Saturday

2nd Mar 2024

Brussels sees no serious opposition to eurobonds

  • Commission: 'Stability Bonds must not lead to a reduction in budgetary discipline' (Photo: Images_of_Money)

The European Commission has launched a polemic on eurobonds - a proposal that eurozone countries should guarantee one another's debt, taking member states into uncharted territory in terms of solidarity and trust.

The executive put forward its ideas in a 38-page discussion paper on Wednesday (23 November), which sets out three scenarios for eurobonds ranging from a "full replacement" of national bonds to a partial replacement.

Read and decide

Join EUobserver today

Get the EU news that really matters

Instant access to all articles — and 20 years of archives. 14-day free trial.

... or subscribe as a group

Announcing the controversial ideas, European Commission President Jose Manuel Barroso said it was part of his institution's "duties" to bring such discussions forward and called on member states to approach the issue with an "open mind" that is "free of dogma".

The comments particularly concern Germany, the eurozone biggest economy, which has been vocal in its opposition - expressed once again on Wednesday morning by the Chancellor, Angela Merkel - to eurobonds as an immediate solution to the eurozone's debt crisis.

The ideas are first to be discussed publicly, after which the commission will come out and say which option it prefers. The 'green paper' approach is a way of having much of getting the adversarial discussion out of the way before a legislative proposal is put on the table.

The idea of eurobonds - to be issued jointly by the 17 eurozone governments at a single interest rate - has been gaining some traction as the eurozone seeks a way out of its sovereign debt crisis.

At the moment, weaker eurozone economies have to pay investors high interest rates to hold their bonds. A eurobond could lower the interest rate. But there are fears in Berlin that it will result in the country paying higher rates to borrow money.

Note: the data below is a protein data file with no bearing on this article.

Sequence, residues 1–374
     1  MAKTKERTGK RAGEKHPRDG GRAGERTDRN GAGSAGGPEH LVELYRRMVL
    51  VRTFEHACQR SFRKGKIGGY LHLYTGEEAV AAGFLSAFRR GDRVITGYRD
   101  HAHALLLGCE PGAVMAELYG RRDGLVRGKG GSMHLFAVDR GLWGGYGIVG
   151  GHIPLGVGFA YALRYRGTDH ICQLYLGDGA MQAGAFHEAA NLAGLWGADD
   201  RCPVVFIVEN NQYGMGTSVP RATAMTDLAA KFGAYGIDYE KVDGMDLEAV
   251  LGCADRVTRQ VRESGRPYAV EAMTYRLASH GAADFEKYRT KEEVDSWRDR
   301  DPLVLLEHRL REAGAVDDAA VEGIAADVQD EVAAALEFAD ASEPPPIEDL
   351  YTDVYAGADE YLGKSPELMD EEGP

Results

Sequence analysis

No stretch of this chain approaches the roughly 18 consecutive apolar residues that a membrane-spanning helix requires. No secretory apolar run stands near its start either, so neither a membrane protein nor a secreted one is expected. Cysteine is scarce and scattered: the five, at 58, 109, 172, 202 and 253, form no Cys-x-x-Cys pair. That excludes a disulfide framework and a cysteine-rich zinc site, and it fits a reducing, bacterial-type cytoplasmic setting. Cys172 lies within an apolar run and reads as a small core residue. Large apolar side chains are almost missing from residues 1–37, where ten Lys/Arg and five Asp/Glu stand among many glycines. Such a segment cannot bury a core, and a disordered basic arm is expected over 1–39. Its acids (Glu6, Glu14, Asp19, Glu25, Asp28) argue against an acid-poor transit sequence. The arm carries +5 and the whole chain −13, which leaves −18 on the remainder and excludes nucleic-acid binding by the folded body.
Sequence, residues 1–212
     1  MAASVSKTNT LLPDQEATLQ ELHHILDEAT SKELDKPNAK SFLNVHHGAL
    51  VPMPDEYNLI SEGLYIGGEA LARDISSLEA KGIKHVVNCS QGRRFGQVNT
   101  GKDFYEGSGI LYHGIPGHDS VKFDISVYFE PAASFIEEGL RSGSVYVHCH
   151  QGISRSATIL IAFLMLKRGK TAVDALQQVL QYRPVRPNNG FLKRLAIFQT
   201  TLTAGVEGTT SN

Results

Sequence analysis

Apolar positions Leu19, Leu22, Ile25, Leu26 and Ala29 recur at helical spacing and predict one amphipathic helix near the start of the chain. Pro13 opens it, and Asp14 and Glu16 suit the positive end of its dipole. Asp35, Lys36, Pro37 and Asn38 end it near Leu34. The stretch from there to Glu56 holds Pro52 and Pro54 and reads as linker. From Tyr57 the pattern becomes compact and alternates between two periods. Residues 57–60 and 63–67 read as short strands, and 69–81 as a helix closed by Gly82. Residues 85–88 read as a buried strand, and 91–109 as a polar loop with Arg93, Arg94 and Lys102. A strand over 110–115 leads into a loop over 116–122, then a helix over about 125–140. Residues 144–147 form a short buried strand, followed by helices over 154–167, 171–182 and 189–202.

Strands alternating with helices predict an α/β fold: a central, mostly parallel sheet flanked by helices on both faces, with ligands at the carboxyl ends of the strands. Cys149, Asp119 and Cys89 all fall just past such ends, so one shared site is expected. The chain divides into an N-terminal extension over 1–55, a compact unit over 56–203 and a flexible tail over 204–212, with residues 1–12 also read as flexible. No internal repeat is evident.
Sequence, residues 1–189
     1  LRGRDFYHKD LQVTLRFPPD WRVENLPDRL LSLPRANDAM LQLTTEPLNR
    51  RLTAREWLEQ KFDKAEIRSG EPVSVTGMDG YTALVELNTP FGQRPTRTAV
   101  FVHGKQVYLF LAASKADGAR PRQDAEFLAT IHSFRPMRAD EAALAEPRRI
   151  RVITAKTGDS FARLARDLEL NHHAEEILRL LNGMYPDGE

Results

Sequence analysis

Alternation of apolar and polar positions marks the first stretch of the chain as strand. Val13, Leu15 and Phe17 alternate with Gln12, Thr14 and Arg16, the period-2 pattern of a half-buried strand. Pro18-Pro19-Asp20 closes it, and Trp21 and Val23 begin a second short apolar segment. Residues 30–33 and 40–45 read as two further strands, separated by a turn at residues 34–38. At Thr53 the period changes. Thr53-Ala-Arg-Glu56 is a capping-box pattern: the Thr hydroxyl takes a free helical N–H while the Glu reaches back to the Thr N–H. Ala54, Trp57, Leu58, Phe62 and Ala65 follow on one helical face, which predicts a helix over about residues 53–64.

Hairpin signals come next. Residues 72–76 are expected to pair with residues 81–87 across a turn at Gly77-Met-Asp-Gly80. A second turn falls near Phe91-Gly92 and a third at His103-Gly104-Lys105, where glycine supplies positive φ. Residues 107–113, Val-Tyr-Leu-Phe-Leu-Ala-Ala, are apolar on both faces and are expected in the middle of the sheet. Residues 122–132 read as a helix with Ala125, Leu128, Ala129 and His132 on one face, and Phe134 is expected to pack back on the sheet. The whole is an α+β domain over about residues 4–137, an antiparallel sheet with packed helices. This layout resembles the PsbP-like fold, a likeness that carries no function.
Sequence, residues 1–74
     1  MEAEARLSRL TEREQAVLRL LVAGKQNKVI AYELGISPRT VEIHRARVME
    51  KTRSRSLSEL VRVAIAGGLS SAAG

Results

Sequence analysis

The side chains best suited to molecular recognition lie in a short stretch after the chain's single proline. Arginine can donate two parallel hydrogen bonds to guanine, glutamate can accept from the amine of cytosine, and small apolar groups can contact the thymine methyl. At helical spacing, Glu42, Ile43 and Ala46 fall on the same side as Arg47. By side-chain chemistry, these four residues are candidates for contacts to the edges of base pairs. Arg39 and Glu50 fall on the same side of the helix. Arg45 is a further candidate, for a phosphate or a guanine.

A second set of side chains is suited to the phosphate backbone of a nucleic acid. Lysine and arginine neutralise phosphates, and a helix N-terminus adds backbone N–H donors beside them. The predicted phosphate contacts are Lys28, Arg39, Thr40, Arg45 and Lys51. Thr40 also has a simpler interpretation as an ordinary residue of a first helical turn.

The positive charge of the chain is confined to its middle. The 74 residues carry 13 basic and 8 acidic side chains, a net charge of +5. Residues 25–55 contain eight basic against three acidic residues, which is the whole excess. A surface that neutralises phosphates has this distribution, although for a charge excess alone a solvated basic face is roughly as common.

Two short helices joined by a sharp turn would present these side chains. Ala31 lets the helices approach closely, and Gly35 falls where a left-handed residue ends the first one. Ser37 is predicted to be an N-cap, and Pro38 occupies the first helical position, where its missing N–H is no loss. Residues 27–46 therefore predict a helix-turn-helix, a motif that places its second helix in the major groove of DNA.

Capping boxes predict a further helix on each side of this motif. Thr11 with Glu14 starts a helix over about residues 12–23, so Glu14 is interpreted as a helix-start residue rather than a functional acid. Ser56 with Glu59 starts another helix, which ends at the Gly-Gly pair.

Barroso, for his part, believes that Berlin's opposition is merely on "timing" meaning "there is no opposition on principle." He also noted that past highly controversial ideas, such as allowing the eurozone bailout fund (the EFSF) to make purchases on the secondary bond market were eventually agreed by member states.

Three options

Of the three options the full eurobond, replacing the issuance of all national bonds, is seen as having the strongest "potential positive effects on stability and integration".

However it would require a change to the EU treaties - a long and arduous process with no guaranteed outcome - as would the second option which would see national bonds partially substituted by eurobonds.

The third "most limited" option - whereby eurobonds would partially cover issuance of national bonds but with no joint guarantees - is judged as the most hassle-free to get implemented but the one least likely to assuage the markets.

Moral hazard

The paper devotes a whole section to moral hazard, a particular bugbear of fiscally upright countries such as Germany, the Netherlands and Finland, who believe that the mutualisation of eurozone debt would allow less fiscally well-behaved countries to overspend with impunity.

"Stability Bonds must not lead to a reduction in budgetary discipline among euro-area member states" says the paper.

To reinforce the point, Wednesday's publication of the eurobonds discussion paper coincided with the publication of two draft laws that hugely increase Brussels' oversight over national spending, allowing it to make budget recommendations and to sanction states who appear to be in danger of heading off the correct spending track.

But even if the commission considers itself daring for stepping into the eurobond debate with an ideas paper, others say the proposals are meaningless without installing the European Central Bank (ECB) as a lender of last resort.